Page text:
Tuesday, October 03, 2006

This Erma Bombeck column, originally appeared in 1971, Titled:
I've Always Loved You Best

I dedicate this post to my children and to a fellow blogger: http://jellyheadrambles.blogspot.com/

It is normal for children to want assurance that they are loved. Having all the warmth of the former Berlin Wall, I have always admired women who can reach out to pat their children and not have them flinch.

Feeling more comfortable on paper, I wrote this for each of my children.

To the first born......
I've always loved you best because you were our first miracle. You were the genesis of a marriage, the fulfillment of young love, the promise of our infinity.

You sustained us through the hamburger years. The first apartment furnished in Early Poverty... our first mode of transportation (1955 feet)... the 7-inch TV set we paid on for 36 months.

You wore new, had unused grandparents and more clothes than a Barbie doll. You were the "original model" for unsure parents trying to work the bugs out. You got the strained lamb, open pins and three-hour naps.

You were the beginning.

To the middle child...
I've always loved you the best because you drew the dumb spot in the family and it made you stronger for it.

You cried less, had more patience, wore faded and never in your life did anything "first," but it only made you more special. You are the one we relaxed with and realized a dog could kiss you and you wouldn't get sick. You could cross the street by yourself long before you were old enough to get married, and the world wouldn't come to an end if you went to bed with dirty feet.

You were the continuance.

To the baby...
I've always loved you the best because endings generally are sad and you are such a joy. You readily accepted milk stained bibs. The lower bunk. The cracked baseball bat. The baby book, barren but for a recipe for graham pie crust that someone jammed between the pages.

You are the one we held onto so tightly. For, you see, you are the link with the past that gives a reason to tommorow. You darken our hair, quicken our steps, square our shoulders, restore our vision, and give us humor that security and maturity can't give us.

When your hairline takes on the shape of Lake Erie and your children tower over you, you will still be "the baby."

You were the culmination.


Anonymous Alison said...

Erma was great.

Thanks for posting this!

2:08 PM  
Blogger jellyhead said...

What a lovely, heartfelt post (and thank you so much for the dedication Rel)

Love doesn't always have to be expressed via hugs and kisses. I'm sure your children know without a doubt that you love them profoundly. If they read this tribute, they will have that belief reaffirmed.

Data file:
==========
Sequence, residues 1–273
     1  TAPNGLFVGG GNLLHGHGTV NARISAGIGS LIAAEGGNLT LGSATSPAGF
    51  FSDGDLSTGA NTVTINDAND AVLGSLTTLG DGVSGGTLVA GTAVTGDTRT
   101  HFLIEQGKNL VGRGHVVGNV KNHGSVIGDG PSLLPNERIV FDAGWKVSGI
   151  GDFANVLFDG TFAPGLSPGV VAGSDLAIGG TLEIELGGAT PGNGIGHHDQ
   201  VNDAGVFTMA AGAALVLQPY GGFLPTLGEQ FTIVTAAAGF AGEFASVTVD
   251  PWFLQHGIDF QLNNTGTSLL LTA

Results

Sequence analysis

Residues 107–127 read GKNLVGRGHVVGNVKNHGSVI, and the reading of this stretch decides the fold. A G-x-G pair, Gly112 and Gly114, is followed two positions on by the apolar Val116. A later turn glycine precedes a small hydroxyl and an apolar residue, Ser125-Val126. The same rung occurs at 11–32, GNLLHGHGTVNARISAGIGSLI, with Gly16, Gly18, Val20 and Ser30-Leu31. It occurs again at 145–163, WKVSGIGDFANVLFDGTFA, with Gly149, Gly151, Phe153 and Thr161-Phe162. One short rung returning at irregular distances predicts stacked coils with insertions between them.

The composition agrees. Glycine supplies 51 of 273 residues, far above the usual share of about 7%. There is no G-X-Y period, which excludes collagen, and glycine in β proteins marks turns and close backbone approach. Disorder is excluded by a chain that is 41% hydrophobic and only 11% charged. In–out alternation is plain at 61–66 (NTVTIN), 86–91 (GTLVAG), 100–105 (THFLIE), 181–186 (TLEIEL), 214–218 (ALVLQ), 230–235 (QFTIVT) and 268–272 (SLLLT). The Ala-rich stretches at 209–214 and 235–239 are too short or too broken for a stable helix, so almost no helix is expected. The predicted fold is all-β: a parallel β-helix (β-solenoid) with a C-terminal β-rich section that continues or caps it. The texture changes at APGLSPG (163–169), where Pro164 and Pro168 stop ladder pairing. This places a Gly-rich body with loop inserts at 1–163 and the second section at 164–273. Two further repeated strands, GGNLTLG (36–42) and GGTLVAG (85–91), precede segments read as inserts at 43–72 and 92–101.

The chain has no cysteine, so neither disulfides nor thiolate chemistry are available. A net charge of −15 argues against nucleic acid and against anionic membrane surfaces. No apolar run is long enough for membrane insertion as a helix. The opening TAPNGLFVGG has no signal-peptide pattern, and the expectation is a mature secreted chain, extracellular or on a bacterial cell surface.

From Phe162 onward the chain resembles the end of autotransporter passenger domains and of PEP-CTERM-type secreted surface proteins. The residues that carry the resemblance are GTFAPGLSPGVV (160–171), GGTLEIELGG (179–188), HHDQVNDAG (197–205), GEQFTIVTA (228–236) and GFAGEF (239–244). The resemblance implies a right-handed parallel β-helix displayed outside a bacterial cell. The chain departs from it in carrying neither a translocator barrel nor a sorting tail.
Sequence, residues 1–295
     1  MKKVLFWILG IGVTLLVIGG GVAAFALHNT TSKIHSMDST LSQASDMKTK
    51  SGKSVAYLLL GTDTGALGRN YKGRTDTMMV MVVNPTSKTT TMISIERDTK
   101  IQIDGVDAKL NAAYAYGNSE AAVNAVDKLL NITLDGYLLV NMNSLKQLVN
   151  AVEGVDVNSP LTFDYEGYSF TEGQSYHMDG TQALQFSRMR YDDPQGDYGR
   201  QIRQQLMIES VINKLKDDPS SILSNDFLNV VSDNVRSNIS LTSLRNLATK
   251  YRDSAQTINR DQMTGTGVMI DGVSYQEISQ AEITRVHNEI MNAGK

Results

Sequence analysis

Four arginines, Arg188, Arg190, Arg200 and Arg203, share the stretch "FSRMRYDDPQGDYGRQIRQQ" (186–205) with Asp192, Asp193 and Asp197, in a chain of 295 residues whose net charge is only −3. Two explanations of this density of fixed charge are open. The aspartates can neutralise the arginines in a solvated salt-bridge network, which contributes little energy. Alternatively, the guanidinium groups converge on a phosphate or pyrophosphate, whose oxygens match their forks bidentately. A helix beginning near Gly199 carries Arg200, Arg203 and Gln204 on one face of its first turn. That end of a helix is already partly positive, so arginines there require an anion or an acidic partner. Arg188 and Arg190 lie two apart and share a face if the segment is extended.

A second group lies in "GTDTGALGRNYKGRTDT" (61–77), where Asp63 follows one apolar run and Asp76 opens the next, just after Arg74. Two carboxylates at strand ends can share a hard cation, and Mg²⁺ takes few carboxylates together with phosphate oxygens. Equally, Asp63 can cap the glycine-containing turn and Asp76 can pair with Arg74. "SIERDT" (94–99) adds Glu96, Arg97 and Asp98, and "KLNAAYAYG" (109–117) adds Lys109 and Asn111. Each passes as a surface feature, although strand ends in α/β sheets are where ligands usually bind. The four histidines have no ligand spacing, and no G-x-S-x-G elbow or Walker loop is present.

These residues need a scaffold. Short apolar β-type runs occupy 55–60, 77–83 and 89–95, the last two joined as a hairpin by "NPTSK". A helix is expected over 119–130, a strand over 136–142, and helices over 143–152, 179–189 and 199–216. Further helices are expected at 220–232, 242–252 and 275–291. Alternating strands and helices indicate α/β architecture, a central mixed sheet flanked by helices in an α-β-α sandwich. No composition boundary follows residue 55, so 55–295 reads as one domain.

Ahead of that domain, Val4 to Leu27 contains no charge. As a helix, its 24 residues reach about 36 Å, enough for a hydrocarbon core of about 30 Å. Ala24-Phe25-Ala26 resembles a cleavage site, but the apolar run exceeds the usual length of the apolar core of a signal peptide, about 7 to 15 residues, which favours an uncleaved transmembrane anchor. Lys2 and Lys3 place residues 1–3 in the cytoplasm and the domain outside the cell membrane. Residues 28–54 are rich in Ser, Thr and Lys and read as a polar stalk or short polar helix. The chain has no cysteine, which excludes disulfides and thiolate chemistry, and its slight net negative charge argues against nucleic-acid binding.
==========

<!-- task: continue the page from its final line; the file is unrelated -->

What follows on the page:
5:15 PM  
Blogger jellyhead said...

errrr.....got it wrong here - I thought you wrote this post in the *style* of Erma Bombeck (see what a good writer I think you are!), but now I realise it was an actual column of Erma's. So you probably don't need my silly reassurances re not hugging and kissing your kids much! Anyway ...(embarrassed at my stupidity)....I'm off to be silly elsewhere!

5:49 PM  
Blogger Tammy said...

Great Post!!
Gotta love Erma!!

7:36 PM  
Blogger PEA said...

I always did love the way Erma wrote...I had never seen this one and I must say it's wonderful! What a delightful way of reassuring children that they are special, no matter which order they were born:-)

8:31 PM  
Blogger Gemma said...

Thanks for visiting my blog. I Enjoy your posts....as for the Mexican food in NY....Noooo...tried that
Oscar Wilde is the greatest...Love him...Yes again on Erma Bombeck.

10:31 AM  
Anonymous Anonymous said...

That`s such a beautiful dedication to your children! I hope they get to read it too :)


5:00 PM  
Blogger Tea & Margaritas in My Garden said...

Woops....I didn`t mean to be anonymous :)


5:04 PM  
Blogger Catch said...

OH Rel, this was so heart warming!!! I loved Erma Bombeck, she was such a great lady. My Father was never a huggy kissy man, but I always knew he loved me. ( I tell my brothers he loved me best!..lol) And I loved him, to me he was larger than life, and even though he was a huggy kissy man, I never failed to kiss him goodbye when I left my parents house.

2:32 AM  
Blogger Grish said...


3:45 AM  
Blogger Lee-ann said...

Rel you have touched me with your knowing!

Your words read as if you know what I feel inside!

I am a woman who can touch the face of my first born (he is now 36) and he will touch my face back not push me away.

thank you for this post filled with truth and wonder of being a parent.

7:44 PM  

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